The Writing Process
A text rarely develops linearly; writing is often a process which involves several stages: analysing the task, collecting material, writing a draft, working through and reviewing the text. Below, you can read about the different stages of the writing process. Do not be surprised if you find yourself going back and forth between the different stages when you write, or if you find that doing the stages in another order works better for you. Find the way that works best for you!
Analysing the task
Prepare your writing as early in the process as possible. For instance, find out who will read the text, and for what purpose. Different readers have different expectations of texts - for instance, you do not write a text message to your friend in the same way that you write a chapter in a textbook. In first-cycle programmes and courses, your readers will be your teachers, classmates, supervisors, and examiners. In most cases, they will expect your text to follow academic conventions with regard to style and language.
An academic text must often relate to knowledge in some way. The teacher usually provides you with instructions and directions regarding the subject and content matter of the task. You should read the instructions carefully to ensure that you fully understand the task. Underline central concepts, terms, and technical terms that you are unsure of. Find out what they mean. Also underline the "question verbs" that the teacher uses in the instructions. Common verbs that teachers use are for instance: identify, describe, account for, define, analyse, compare, assess, and reflect.
Also underline the material which the teacher has asked you to base your answer on. If the teacher wants you to refer to source X but you refer to source Y instead, you may not be able to demonstrate that you have the necessary knowledge.
When you have understood the task instructions, consider what material you need in order to complete the task. Your material may be your own notes, power point images, text books, compendiums, scientific journal articles, and your own research. Hopefully, you have already studied most of the material prior to past seminars, lab workshops, work placements, and other course activities. Then, the process of selecting the material that you need in order to write an essay for a course for instance, will be fairly quick. Choose material that will be of use, and study it. A bigger task, such as a thesis, will require that you collect more complex material – as well as more material – than an essay.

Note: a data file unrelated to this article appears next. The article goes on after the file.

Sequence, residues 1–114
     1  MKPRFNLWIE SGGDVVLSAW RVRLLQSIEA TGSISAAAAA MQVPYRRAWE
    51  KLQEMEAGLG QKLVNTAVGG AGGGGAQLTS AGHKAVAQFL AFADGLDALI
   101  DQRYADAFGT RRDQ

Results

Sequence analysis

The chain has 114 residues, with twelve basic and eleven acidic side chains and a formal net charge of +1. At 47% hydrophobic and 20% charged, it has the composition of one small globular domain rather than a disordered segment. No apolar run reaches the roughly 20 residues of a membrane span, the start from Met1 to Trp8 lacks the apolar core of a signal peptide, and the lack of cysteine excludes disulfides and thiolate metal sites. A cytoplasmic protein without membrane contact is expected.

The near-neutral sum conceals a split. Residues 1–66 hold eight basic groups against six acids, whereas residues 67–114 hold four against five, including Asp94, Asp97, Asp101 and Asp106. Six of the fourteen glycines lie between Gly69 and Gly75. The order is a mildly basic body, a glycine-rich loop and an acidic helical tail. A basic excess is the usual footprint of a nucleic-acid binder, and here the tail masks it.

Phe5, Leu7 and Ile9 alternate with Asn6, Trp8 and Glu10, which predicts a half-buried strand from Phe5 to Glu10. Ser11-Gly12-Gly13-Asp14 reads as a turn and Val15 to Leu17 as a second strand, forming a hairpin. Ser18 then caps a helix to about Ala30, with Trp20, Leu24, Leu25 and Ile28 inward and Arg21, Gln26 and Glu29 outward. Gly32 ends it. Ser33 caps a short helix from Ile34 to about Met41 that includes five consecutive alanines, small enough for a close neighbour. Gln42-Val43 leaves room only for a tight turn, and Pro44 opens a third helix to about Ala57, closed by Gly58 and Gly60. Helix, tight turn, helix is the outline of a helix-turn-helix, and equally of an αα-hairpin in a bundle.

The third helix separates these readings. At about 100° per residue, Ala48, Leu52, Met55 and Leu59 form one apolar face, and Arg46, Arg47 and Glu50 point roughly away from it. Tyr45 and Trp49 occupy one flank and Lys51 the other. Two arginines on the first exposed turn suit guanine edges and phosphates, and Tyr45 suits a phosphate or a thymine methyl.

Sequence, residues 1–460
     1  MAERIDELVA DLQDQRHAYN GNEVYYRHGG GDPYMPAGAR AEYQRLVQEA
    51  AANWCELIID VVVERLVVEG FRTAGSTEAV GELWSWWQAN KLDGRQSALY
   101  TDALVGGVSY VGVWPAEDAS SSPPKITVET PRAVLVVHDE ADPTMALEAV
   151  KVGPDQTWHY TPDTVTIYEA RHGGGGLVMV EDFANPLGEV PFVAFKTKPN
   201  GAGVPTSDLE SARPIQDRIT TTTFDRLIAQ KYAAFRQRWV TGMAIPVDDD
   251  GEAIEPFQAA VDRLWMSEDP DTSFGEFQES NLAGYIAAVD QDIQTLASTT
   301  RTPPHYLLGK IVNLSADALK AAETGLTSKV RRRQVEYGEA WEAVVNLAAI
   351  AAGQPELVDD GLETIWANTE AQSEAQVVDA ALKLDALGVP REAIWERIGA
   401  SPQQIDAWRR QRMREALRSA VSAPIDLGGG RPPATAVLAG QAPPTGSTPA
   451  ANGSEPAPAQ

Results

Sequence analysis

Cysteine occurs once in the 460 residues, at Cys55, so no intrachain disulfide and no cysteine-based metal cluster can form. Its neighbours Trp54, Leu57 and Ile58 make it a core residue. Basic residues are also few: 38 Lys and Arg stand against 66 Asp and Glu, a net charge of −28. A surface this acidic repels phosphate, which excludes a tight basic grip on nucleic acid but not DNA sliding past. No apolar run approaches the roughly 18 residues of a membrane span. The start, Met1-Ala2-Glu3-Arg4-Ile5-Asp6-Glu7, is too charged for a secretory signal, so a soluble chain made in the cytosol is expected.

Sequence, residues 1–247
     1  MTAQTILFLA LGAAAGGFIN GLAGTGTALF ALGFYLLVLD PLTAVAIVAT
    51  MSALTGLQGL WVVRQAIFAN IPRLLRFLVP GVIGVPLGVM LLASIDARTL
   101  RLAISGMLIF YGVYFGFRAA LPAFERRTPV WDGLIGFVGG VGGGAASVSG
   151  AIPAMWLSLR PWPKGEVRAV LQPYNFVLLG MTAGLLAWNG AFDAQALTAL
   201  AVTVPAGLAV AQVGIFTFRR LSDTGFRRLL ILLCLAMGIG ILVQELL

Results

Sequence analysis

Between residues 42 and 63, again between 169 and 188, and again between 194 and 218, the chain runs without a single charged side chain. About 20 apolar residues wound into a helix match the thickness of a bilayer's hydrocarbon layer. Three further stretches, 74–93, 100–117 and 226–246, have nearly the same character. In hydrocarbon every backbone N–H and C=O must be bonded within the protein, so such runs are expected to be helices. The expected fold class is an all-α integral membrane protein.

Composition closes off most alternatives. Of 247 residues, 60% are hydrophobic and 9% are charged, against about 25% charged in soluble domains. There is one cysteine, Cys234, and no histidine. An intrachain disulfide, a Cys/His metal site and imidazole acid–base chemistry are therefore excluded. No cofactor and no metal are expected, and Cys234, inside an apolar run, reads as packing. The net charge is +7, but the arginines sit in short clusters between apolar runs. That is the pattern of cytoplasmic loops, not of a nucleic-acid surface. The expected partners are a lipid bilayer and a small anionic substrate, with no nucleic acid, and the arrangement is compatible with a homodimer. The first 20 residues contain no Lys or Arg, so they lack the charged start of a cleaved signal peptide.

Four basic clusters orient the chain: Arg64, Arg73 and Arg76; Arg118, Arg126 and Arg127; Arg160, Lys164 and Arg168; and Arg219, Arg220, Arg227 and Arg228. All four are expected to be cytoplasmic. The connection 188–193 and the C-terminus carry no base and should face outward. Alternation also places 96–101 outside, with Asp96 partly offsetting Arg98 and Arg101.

Writing a draft
Even if you do not know exactly what you are going to write, you will benefit greatly from writing a draft early on in the process. For instance, you can plan the overall structure of the text as soon as possible. As you then begin to answer the exam questions, or start writing your essay, you can use the structure as support for developing your text. Initially, before you know exactly what you will discuss in each section, you can write an outline. The outline may include a cover page (if your teacher requires one) and headings for the sections that you intend to include. If you are writing a take-home essay, the headings can be based on the questions that your teacher has given you. If you are writing a longer essay you can use the IMRAD structure - that is, introduction, methods, results and discussion.
Write subheadings as well. For instance, the introduction often includes subsections on the background, the research questions, the purpose and the theoretical framework. If you are to write these, include them in your outline. The discussion should address your reflections on your method, your results, and previous research. In some cases, you are also expected to include concluding thoughts. Add these to your outline as well, if it is stated in the task instructions.
You can also use the outline to write notes and comments for yourself under each heading so that you do not miss any important points. Under the Introduction heading you can write: “Remember to motivate the relevance of care here. We are allowed to use “I” in this section - but only in this one. Use examples from my work placement to motivate why I have chosen this subject.”